The development of adaptation and mitigation strategies to tackle anthropic and climate changes impacts is becoming a priority in drought-prone areas. This study examines the capabilities of indigenous rainwater harvesting techniques (RWHT) to be used as a viable solution for flood mitigation. The study analyses the hydraulic performance of the most used micro-catchment RWHT in sub-Saharan regions, in terms of flow peak reduction (FPR) and volume reduction (VR) at the field and basin scale. Parametrized hyetographs were built to replicate the extreme precipitations that strike Sahelian countries during rainy seasons. 2D hydrodynamic simulations showed that half-moons placed with a staggered configuration (S-HM) have the best performances in reducing runoff. At the field scale, S-HM showed a remarkable FPR of 77% and a VR of 70% in case of extreme rainfall. Instead at the basin scale, in which only 5% of the surface was treated, 13% and 8% respectively for FPR and VR were obtained. In addition, the reduction of the runoff coefficient (Rc) between the different configuration was analyzed. The study critically evaluates hydraulic performances of the different techniques and shows how pitting practices cannot guarantee high performance in case of extreme precipitations. These results will enrich the knowledge of the hydraulic behavior of RWHT; aspect marginally investigated in the scientific literature. Moreover, this study presents the first scientific application of HEC-RAS as a rainfall-runoff model. Despite some limitations, this model has the effective feature of using very high-resolution topography as input for hydraulic simulations. The results presented in this study should encourage stakeholders to upscale the use of RWHT in order to lessen the flood hazard and land degradation that oppresses arid and semi-arid areas.

Rainwater harvesting techniques as an adaptation strategy for flood mitigation / Tamagnone, Paolo; Comino, Elena; Rosso, Maurizio. - In: JOURNAL OF HYDROLOGY. - ISSN 0022-1694. - 586:(2020), p. 124880. [10.1016/j.jhydrol.2020.124880]

Rainwater harvesting techniques as an adaptation strategy for flood mitigation

Tamagnone, Paolo;Comino, Elena;Rosso, Maurizio
2020

Abstract

The development of adaptation and mitigation strategies to tackle anthropic and climate changes impacts is becoming a priority in drought-prone areas. This study examines the capabilities of indigenous rainwater harvesting techniques (RWHT) to be used as a viable solution for flood mitigation. The study analyses the hydraulic performance of the most used micro-catchment RWHT in sub-Saharan regions, in terms of flow peak reduction (FPR) and volume reduction (VR) at the field and basin scale. Parametrized hyetographs were built to replicate the extreme precipitations that strike Sahelian countries during rainy seasons. 2D hydrodynamic simulations showed that half-moons placed with a staggered configuration (S-HM) have the best performances in reducing runoff. At the field scale, S-HM showed a remarkable FPR of 77% and a VR of 70% in case of extreme rainfall. Instead at the basin scale, in which only 5% of the surface was treated, 13% and 8% respectively for FPR and VR were obtained. In addition, the reduction of the runoff coefficient (Rc) between the different configuration was analyzed. The study critically evaluates hydraulic performances of the different techniques and shows how pitting practices cannot guarantee high performance in case of extreme precipitations. These results will enrich the knowledge of the hydraulic behavior of RWHT; aspect marginally investigated in the scientific literature. Moreover, this study presents the first scientific application of HEC-RAS as a rainfall-runoff model. Despite some limitations, this model has the effective feature of using very high-resolution topography as input for hydraulic simulations. The results presented in this study should encourage stakeholders to upscale the use of RWHT in order to lessen the flood hazard and land degradation that oppresses arid and semi-arid areas.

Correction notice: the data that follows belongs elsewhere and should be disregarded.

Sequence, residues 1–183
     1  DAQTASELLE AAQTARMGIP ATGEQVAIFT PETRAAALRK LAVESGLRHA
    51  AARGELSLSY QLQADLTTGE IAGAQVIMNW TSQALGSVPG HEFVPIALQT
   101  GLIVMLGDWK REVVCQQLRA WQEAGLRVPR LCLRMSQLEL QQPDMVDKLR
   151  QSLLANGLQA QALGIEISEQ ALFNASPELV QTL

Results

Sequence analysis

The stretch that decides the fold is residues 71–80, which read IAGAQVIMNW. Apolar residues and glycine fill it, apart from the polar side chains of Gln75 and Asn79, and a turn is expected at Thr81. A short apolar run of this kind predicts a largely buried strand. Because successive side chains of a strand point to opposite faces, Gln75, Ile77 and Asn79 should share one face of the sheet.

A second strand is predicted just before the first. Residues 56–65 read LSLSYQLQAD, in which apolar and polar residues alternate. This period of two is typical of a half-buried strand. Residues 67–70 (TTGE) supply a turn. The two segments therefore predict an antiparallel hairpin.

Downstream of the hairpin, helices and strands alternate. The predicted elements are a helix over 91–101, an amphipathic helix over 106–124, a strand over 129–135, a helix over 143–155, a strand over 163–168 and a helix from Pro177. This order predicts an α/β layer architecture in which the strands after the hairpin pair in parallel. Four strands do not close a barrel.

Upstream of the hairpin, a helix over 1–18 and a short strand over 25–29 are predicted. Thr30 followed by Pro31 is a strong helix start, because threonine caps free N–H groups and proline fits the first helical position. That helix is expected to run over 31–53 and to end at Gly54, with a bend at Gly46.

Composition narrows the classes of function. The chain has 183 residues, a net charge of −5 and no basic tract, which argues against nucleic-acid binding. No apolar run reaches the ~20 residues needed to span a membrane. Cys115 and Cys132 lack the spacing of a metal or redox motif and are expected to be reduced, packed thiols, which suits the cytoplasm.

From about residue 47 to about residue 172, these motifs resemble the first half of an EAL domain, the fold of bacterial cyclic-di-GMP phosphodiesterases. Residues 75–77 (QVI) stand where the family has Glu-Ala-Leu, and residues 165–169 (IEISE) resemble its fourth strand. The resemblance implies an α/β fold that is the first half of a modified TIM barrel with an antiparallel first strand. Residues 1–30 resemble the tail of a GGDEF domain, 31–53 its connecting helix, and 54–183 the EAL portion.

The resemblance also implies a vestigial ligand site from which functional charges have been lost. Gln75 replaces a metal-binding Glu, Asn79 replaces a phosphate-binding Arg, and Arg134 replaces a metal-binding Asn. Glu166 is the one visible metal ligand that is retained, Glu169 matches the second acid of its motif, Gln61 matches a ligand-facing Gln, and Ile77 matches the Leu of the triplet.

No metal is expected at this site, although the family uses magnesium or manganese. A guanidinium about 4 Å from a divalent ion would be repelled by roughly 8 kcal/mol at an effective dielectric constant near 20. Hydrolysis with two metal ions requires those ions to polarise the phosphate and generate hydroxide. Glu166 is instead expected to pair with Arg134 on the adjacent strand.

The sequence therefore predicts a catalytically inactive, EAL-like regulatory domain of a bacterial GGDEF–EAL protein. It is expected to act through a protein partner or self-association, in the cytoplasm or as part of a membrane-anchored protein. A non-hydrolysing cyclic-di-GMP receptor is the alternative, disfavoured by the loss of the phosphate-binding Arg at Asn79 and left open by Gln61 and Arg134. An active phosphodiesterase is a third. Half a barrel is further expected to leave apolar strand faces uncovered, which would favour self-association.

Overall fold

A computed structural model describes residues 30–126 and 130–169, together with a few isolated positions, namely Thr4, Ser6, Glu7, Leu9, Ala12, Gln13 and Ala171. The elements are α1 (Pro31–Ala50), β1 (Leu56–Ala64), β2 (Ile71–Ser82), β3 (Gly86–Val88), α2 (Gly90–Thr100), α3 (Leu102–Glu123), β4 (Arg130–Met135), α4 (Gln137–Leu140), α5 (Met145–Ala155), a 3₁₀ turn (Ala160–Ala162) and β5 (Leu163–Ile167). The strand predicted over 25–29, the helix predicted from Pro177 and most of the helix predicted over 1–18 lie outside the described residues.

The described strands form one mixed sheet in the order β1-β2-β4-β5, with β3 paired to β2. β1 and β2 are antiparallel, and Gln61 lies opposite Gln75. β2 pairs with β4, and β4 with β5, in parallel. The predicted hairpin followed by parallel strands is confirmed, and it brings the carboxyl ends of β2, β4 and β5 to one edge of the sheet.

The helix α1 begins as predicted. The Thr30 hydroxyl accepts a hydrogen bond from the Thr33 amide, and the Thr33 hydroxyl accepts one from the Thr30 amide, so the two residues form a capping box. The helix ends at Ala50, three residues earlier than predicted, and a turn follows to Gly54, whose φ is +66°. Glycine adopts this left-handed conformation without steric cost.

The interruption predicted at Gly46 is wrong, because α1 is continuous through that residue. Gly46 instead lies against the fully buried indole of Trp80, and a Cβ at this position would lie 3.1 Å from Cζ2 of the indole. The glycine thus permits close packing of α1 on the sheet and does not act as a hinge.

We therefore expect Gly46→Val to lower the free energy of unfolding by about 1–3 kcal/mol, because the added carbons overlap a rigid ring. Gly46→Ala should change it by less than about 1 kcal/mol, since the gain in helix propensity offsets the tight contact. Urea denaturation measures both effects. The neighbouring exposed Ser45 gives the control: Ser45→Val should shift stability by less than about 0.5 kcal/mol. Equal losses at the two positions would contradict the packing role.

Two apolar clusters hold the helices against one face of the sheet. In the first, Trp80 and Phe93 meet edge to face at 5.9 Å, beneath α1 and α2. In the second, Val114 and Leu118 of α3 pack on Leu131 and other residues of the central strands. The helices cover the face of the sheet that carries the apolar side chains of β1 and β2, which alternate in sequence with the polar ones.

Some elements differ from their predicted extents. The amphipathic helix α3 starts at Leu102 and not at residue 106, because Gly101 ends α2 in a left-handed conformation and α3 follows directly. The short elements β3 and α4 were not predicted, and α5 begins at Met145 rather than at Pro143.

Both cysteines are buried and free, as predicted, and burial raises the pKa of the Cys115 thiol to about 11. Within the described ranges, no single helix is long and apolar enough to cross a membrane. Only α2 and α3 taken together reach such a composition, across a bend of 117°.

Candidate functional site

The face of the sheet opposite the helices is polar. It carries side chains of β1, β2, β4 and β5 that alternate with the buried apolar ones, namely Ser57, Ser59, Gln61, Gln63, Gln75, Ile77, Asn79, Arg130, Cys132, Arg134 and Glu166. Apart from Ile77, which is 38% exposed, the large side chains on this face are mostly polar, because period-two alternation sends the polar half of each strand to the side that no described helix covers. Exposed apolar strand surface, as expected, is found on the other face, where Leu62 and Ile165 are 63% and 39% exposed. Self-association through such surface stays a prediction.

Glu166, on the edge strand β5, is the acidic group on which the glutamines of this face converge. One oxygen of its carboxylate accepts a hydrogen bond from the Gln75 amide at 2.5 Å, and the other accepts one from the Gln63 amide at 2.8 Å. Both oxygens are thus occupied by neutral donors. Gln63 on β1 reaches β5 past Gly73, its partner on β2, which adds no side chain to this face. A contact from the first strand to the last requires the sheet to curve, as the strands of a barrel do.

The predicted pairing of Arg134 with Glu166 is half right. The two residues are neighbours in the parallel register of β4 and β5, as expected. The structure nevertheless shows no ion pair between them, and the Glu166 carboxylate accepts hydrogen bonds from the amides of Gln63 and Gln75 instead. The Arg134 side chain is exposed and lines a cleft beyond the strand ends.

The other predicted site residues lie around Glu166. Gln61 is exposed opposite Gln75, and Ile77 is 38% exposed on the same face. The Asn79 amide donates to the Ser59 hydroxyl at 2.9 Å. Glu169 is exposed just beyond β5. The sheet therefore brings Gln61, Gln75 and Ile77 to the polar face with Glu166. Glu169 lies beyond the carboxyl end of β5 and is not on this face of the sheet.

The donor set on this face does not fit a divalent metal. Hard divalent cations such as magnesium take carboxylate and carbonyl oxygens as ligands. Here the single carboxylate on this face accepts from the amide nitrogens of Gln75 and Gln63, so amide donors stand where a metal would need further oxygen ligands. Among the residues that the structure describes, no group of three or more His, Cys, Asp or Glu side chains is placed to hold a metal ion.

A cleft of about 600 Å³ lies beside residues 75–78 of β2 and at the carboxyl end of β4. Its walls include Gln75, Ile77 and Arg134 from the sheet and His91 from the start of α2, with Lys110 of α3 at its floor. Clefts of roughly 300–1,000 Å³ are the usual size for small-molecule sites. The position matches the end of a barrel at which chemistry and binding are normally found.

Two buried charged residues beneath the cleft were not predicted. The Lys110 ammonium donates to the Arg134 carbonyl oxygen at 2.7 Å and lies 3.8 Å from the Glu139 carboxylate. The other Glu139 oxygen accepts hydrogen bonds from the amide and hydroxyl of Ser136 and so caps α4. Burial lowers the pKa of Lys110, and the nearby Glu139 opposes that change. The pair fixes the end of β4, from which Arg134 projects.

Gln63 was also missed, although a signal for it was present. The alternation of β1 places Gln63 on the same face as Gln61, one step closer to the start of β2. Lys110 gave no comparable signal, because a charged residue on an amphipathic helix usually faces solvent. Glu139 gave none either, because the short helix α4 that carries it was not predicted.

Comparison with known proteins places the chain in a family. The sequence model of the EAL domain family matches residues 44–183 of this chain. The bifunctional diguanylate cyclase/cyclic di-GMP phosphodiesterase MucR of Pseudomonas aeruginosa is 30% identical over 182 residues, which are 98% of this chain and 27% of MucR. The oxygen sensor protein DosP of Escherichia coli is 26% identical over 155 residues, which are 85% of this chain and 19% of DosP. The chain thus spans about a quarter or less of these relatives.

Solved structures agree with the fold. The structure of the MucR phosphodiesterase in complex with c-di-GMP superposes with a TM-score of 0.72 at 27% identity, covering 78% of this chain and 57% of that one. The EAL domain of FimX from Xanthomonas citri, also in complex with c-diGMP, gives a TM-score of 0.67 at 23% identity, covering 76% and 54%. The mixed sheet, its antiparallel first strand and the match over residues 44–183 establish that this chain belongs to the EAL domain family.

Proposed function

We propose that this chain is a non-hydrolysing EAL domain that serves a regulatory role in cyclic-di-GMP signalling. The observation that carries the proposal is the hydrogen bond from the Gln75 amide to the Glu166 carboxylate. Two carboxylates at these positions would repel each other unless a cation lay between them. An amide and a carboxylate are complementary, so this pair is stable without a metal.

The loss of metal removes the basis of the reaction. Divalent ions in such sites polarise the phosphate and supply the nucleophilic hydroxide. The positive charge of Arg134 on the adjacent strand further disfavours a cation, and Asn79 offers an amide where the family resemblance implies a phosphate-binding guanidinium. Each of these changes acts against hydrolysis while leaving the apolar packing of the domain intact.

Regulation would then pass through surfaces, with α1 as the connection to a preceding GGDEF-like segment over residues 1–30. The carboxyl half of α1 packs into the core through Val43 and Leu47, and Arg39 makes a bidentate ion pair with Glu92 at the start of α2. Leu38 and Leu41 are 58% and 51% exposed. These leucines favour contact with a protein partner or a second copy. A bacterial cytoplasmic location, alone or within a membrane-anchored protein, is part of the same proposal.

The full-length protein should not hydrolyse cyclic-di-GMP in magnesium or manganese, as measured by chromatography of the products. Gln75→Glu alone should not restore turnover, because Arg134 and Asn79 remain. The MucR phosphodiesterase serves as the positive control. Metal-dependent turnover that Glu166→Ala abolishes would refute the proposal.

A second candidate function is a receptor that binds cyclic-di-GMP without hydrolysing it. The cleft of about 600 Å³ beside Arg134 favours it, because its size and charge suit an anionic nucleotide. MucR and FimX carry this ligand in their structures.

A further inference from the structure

File in questo prodotto:
File Dimensione Formato  
pre-proof.pdf

Open Access dal 25/03/2022

Descrizione: Articolo principale
Tipologia: 2. Post-print / Author's Accepted Manuscript
Licenza: PUBBLICO - Tutti i diritti riservati
Dimensione 3.01 MB
Formato Adobe PDF
3.01 MB Adobe PDF Visualizza/Apri
2020Rainwater1-s2.0-S0022169420303401-main (2).pdf

non disponibili

Tipologia: 2a Post-print versione editoriale / Version of Record
Licenza: Non Pubblico - Accesso privato/ristretto
Dimensione 7.69 MB
Formato Adobe PDF
7.69 MB Adobe PDF   Visualizza/Apri   Richiedi una copia
Pubblicazioni consigliate

Caricamento pubblicazioni consigliate

I documenti in IRIS sono protetti da copyright e tutti i diritti sono riservati, salvo diversa indicazione.

Utilizza questo identificativo per citare o creare un link a questo documento: https://hdl.handle.net/11583/2809799